Medical Surgical Practice Exam 1 (25 Questions)

NCLEX Nursing School Practice Exam

Medical Surgical Practice exam 25 questions

#1. A female client admitted in the coronary care unit (CCU) due to myocardial infarction (MI) has stabilized and is moved with a cardiac monitor via telemetry to the step-down medical unit. The nurse in the medical ward informs the patient that she can perform which of the following activities?

Answer: Self-care activities and bathroom privileges   Rationale: The patient is allowed to perform self-care activities and have bathroom privileges upon transfer from the CCU to the general medical unit. She should be supervised when ambulating with gradual increases in distances, up to 200 feet. Since the patient is on cardiac monitor via telemetry, she should be visualized on an hourly basis. The nurse should also assess the patient with every ECG alarm.

#2. A client is diagnosed with deep vein thrombosis (DVT) and requires IV heparin therapy. While the patient is having this infusion, the nurse should ensure that the nursing unit also has which of the following medications?

Answer: Protamine sulfate

 

Rationale: Protamine sulfate is the specific antagonist or antidote to heparin. It must be available in the nursing unit to counteract any hemorrhage or excessive bleeding due to IV heparin use. Protamine is able to neutralize anticoagulation from administering heparin. Vitamin K is the antidote for warfarin. Aminocaproic acid is an antifibrinolytic agent, while potassium chloride is used to manage hypokalemia.

#3. An anxious client comes into the emergency room with signs and symptoms of coronary artery disease (CAD). The nurse understands that the first priority of care for this patient is to:

Answer: Improve myocardial oxygenation

 

Rationale: A client that exhibits signs and symptoms of any cardiac problem must receive immediate care to improve myocardial oxygenation to prevent, reverse, or reduce any damage to the myocardium. This can be achieved by the reduction of ventricular stress using negative inotropic agents, such as beta blockers and calcium channel blockers, as prescribed by the physician. The other options are also important parts of caring for a CAD patient, but resolving the problem with an ischemic myocardium takes the highest priority.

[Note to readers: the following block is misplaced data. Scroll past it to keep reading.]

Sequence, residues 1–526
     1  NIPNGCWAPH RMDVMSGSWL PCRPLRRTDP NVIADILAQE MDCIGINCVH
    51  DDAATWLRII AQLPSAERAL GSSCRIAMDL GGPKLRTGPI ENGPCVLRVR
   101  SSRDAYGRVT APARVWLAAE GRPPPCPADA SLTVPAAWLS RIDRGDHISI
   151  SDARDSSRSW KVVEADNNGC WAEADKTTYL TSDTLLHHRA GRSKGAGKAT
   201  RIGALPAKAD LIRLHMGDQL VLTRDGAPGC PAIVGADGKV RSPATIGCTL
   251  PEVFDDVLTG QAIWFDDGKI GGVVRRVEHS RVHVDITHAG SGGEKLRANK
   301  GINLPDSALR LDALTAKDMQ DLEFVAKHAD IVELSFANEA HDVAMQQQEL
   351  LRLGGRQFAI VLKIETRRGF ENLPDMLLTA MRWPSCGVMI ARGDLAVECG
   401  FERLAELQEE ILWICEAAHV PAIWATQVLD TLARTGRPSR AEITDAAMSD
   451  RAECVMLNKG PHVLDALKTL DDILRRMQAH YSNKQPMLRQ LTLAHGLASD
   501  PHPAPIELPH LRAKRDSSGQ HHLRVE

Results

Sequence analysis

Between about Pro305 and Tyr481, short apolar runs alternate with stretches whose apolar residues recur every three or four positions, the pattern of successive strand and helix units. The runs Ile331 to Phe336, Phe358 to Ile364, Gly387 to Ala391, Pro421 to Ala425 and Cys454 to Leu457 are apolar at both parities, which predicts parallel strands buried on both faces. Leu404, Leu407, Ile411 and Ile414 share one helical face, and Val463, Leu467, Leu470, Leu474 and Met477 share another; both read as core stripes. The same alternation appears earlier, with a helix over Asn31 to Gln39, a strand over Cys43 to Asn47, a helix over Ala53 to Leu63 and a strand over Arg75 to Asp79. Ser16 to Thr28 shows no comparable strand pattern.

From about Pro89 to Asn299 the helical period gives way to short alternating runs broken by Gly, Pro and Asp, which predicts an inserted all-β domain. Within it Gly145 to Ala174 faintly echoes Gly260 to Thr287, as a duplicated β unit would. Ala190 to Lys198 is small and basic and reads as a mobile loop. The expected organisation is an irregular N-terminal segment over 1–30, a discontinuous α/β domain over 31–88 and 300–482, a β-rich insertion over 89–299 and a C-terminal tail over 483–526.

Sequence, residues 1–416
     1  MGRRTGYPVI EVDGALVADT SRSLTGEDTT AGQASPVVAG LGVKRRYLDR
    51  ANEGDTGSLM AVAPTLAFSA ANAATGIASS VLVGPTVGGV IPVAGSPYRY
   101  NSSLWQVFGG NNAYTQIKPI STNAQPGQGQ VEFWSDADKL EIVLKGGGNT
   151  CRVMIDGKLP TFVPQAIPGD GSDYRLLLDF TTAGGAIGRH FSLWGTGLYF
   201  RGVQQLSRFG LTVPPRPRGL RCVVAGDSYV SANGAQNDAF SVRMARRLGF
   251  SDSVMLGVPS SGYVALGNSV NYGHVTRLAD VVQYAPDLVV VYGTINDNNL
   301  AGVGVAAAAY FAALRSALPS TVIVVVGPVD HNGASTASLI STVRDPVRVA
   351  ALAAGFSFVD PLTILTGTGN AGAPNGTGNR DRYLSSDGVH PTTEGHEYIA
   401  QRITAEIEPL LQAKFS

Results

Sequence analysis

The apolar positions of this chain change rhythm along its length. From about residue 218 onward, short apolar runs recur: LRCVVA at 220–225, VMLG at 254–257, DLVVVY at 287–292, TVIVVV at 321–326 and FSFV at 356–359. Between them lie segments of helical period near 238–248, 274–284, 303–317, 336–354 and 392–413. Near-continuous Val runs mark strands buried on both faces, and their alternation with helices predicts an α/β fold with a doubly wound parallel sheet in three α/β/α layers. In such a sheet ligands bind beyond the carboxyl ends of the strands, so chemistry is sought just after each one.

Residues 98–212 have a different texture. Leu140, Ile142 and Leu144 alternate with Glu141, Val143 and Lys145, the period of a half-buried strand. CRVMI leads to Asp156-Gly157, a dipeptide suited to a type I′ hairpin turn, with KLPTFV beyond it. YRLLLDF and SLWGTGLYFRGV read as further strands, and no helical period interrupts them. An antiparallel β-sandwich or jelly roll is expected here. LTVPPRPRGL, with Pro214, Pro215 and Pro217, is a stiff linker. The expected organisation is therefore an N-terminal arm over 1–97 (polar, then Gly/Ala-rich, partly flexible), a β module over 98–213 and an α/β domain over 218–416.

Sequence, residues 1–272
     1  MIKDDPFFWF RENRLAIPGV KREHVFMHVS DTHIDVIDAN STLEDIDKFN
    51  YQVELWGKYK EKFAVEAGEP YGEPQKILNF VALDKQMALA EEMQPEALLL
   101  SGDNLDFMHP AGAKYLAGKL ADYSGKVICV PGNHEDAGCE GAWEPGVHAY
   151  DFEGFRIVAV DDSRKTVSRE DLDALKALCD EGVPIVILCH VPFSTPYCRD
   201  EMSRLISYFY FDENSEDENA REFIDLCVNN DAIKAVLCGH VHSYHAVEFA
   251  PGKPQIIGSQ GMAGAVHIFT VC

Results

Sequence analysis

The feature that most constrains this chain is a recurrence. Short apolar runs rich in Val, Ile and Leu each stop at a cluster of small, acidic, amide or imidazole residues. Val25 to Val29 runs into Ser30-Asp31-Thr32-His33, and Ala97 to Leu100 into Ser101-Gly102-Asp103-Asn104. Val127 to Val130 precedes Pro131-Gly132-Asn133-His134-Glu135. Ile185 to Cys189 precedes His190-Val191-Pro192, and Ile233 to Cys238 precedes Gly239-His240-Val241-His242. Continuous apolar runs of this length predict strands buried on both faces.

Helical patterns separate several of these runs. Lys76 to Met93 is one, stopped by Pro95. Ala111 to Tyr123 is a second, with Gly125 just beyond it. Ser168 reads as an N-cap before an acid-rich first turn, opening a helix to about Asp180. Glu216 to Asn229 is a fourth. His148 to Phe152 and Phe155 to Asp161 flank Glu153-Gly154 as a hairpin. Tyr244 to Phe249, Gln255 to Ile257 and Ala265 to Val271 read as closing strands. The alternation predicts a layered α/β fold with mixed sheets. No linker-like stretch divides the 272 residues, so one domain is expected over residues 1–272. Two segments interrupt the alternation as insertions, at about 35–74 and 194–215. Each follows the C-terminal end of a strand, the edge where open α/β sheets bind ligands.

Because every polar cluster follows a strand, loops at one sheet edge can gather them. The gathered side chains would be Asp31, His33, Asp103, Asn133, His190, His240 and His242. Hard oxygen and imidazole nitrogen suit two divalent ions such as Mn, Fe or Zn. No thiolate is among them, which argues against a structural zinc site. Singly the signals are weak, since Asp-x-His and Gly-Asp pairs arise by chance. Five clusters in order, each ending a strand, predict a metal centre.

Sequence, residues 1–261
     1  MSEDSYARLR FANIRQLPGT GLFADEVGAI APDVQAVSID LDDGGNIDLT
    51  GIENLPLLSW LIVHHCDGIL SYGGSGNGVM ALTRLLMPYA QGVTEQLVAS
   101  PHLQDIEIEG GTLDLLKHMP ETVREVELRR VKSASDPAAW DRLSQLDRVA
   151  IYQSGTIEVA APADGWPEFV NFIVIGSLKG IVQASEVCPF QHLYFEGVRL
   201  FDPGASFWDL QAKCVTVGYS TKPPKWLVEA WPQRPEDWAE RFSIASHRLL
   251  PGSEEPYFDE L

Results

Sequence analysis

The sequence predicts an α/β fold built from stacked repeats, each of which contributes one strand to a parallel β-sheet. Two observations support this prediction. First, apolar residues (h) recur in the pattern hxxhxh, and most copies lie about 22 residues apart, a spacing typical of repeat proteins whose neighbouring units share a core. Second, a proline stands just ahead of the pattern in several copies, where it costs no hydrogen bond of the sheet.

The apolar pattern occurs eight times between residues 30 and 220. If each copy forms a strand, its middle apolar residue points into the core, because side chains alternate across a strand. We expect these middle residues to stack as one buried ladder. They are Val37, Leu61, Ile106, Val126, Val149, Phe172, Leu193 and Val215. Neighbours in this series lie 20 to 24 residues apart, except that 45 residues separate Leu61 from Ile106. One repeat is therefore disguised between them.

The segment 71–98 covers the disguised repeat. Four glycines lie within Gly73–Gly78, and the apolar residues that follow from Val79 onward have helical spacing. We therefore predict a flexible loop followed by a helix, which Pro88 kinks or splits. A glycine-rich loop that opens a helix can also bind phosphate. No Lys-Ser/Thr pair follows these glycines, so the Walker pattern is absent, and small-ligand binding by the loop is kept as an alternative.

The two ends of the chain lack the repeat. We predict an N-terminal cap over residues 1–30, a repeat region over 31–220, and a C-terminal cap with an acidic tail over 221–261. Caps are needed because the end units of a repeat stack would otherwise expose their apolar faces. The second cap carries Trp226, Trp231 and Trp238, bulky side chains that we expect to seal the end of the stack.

#4. A nurse performs a health education session about myocardial infarction (MI) on a high risk client group. Which of the following should the nurse state as the most common symptom of MI?

Answer: Chest pain

 

Rationale: Chest pain is the most common symptom of myocardial infarction. It occurs due to the low supply of oxygen to the heart, resulting in myocardial ischemia. MI chest pain usually radiates to the left neck, shoulders, or arms and has no apparent precipitating factors. It often lasts for 20 minutes or more and is usually retrosternal. The patient may describe MI chest pain as a sensation of heaviness or pressure. It can be persistent or intermittent and is not affected by changes in position. The second most common symptom of MI is dyspnea. Palpitation is a sign of arrhythmia, while edema is a late sign of heart failure.

#5. A male client comes into the medical assessment unit with a complaint of knife-like chest pain. Upon interview, the patient rates the chest pain as 7 to 8 out of 10 at rest. He states that the chest pain worsens during inspiration. Which of the following body systems is the most probable origin of this pain?

Answer:  Pulmonary

 

Rationale: Pulmonary pain is usually sharp, sudden, and can also be described as knife-like. Some conditions of the lungs that may cause pulmonary pain include chest infection, pulmonary embolism, pleurisy, pneumonia, and asthma attack. Cardiac pain feels more of a pressure, heaviness, or tightness in the chest area. Musculoskeletal pain increases with movement, not breathing. Gastrointestinal pain such as due to acid reflux does not change with breathing.

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Anna C. RN, BSN, PHN

Anna C. RN, BSN, PHN
Clinical Nurse Instructor

Emergency Room Registered Nurse
Critical Care Transport Nurse
Clinical Nurse Instructor for LVN and BSN students

Anna began writing extra materials to help her BSN and LVN students with their studies and writing nursing care plans. She takes the topics that the students are learning and expands on them to try to help with their understanding of the nursing process and help nursing students pass the NCLEX exams.

Her experience spans almost 30 years in nursing, starting as an LVN in 1993. She received her RN license in 1997. She has worked in Medical-Surgical, Telemetry, ICU and the ER. She found a passion in the ER and has stayed in this department for 30 years.

She is a clinical instructor for LVN and BSN students along with a critical care transport nurse.

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